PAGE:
I picked up Refugee by Alan Gratz with an eye towards my sixth graders (my seventh-grade son read it before I did), and I quickly found my heart and mind tumbling into the uncertainty of the three characters here as they each navigated an escape from their homeland. I teared up at the end, too, when Gratz effectively pulls all three story threads together in a way that I won’t give away in this review.
You need to read this book.
Refugee focuses on three stories: a Jewish boy escaping Nazi Germany, a young girl leaving Cuba for the United States as part of one of Castro’s boat-lifts, and a Muslim boy trying to make his way to Germany after his country of Syria has been reduced to rubbles by the current Civil War. Each story, from a different time. But the narrative arcs that Gratz spins brings each character’s story closer and closer to each other.
The terror, the uncertainty, the fear, the setbacks, the dangers, the hope … the reader experiences and lives all of these emotional entanglements through the eyes of these three characters, so much so that I am not sure I can use Refugee as a class novel, as I had hoped when I started the book. The brutality of the Nazis, in particular, is too intense. Gratz doesn’t pull punches. I don’t think I am being too protective of my sixth graders, although I wonder how much of the ugly world I should expose them to. The world is ugly, after all. I’m never completely certain how far to go, to be honest.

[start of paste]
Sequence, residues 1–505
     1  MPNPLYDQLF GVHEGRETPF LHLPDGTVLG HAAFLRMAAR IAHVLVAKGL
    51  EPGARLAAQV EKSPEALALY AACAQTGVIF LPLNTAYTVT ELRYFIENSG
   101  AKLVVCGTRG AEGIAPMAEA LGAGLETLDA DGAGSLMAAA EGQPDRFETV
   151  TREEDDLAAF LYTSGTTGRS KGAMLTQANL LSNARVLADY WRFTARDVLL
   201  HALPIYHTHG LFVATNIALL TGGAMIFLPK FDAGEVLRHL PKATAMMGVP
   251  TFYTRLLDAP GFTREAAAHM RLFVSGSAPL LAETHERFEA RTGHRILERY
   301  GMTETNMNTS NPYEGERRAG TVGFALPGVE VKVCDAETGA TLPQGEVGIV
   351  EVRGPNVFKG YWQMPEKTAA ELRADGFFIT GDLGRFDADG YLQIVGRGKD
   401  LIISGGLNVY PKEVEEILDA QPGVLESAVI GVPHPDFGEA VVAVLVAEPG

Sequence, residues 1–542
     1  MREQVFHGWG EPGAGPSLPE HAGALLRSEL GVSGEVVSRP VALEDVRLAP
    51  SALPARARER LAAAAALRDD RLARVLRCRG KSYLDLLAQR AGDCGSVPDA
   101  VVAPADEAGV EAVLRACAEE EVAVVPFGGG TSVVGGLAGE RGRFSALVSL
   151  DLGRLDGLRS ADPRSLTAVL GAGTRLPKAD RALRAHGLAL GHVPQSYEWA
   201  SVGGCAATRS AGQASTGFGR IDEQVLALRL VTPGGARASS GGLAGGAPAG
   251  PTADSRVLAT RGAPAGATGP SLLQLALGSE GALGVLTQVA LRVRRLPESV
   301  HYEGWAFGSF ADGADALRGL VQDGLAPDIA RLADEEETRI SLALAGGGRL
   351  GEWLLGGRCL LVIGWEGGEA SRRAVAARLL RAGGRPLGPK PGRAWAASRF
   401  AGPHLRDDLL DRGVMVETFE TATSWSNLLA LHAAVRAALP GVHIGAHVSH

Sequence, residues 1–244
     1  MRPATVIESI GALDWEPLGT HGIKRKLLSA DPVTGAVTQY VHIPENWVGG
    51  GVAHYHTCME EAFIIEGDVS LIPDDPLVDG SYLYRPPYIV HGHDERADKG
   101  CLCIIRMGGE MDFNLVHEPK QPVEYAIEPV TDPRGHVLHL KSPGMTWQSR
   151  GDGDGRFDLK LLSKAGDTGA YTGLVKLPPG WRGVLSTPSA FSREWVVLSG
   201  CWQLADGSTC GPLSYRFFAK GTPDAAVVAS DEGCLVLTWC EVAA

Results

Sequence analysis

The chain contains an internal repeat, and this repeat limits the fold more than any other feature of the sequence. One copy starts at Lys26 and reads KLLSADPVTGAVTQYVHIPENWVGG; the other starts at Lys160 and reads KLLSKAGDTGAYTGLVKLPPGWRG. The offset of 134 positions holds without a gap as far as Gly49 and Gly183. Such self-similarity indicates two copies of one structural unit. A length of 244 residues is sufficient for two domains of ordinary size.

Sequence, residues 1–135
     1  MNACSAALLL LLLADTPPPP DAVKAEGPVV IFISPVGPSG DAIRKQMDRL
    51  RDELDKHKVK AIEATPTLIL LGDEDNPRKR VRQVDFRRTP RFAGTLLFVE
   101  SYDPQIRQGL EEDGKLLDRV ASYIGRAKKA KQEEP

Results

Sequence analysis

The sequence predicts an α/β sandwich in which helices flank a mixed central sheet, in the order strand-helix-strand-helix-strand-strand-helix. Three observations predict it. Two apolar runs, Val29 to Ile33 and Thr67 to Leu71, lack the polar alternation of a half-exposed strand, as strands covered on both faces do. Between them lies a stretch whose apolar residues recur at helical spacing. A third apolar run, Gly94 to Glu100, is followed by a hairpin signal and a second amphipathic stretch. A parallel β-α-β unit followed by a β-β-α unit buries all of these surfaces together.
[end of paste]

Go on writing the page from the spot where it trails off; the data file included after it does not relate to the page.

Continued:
I really appreciated what comes after the end of the novel, in his author’s note section, where Gratz shows the three maps of the three journeys of his refugee characters, and then he writes for a few pages about his research and where the stories emerged from, in regards to the world — in both the past and the present. He then goes on to share some organizations that help refugee children in the world, using the book as a platform for reaching out.
All in all, this book is amazingly powerful, and its narrative arcs and sympathetic characters will pull you deep into the experience beyond the newspaper headlines. It does what a good book should do: transforms your view of the world, and leaves you with some hope amid the horror.
Did I mention you should read this book?
Peace (let it be),